Consumer Protection:S.3689 would further provide $13.1 million to implement new authorities of the Commodity Futures Trading Commission, including enhanced enforcement, market surveillance, and oversight of the futures markets. The bill would also include $75 million for the FBI to investigate mortgage fraud claims and $10.5 million for the Treasury Inspector General to conduct reviews of the recent failure of many banks.
On November 17, 2008, Majority Leader Reid introduced S.3689, the Economic Recovery Act of 2008, which was placed on the Senate Legislative Calendar on November 19. The bill is co-sponsored by chairman of the Senate Appropriations Committee, Senator Byrd. It is anticipated that Senator Reid will ask for consent to begin consideration of the measureon November 19.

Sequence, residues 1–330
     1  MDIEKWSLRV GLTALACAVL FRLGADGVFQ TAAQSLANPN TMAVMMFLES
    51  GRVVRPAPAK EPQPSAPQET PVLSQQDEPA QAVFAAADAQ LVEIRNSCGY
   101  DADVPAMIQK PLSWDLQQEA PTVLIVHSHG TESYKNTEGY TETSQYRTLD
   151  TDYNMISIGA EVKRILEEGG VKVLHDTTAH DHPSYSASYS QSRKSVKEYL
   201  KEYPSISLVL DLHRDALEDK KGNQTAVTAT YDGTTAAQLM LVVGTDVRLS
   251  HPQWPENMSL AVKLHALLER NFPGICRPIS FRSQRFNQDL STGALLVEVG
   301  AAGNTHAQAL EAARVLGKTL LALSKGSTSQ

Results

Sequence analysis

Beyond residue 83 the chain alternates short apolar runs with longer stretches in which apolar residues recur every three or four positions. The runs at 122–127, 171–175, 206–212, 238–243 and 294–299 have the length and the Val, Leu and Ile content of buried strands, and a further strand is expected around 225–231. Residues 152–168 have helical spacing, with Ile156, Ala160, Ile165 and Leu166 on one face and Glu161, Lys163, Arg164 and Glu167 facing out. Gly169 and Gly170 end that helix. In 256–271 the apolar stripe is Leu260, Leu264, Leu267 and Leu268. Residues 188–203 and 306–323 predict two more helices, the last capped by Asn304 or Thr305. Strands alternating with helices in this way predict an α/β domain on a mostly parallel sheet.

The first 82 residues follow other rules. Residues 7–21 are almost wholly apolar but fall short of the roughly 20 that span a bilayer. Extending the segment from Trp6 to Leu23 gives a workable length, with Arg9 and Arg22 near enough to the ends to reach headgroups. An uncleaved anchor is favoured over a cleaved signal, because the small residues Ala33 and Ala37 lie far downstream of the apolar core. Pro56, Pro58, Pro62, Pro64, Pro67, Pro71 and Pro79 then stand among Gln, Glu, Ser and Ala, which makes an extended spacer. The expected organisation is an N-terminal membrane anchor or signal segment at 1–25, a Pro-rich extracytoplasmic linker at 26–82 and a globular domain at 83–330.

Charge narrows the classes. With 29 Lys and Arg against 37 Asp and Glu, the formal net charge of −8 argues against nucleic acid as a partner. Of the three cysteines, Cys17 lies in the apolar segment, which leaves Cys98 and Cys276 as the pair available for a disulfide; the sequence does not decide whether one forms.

S.3689 is the latest in a series of measures to repair and boost the American economy. In February, Congress passed the Economic Stimulus Act of 2008 (P.L. 110-185). The bill was an early response to the nation’s emerging economic downtown. It provided a $300 to $600 rebate and a $300 per child tax credit; helped families at risk of foreclosure by expanding mortgage financing opportunities; and promoted job-creating business investments by providing tax relief for American businesses, especially small businesses. In June, Congress passed an emergency extension of unemployment benefits as part of the Supplemental Appropriations Act, 2008 (P.L. 110-252). In July, Congress passed the Housing and Economic Recovery Act of 2008 (P.L. 110-289), a comprehensive legislative package to help American homeowners and stabilize the housing markets while maintaining fiscal responsibility.